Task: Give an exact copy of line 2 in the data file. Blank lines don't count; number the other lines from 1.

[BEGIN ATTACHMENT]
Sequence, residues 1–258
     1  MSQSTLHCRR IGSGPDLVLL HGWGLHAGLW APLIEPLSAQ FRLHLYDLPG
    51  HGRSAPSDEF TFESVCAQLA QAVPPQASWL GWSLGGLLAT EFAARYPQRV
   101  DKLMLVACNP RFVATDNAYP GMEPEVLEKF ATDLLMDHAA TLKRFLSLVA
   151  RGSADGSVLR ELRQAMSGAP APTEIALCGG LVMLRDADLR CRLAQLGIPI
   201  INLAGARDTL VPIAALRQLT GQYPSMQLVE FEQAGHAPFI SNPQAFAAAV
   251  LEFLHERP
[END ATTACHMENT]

     1  MSQSTLHCRR IGSGPDLVLL HGWGLHAGLW APLIEPLSAQ FRLHLYDLPG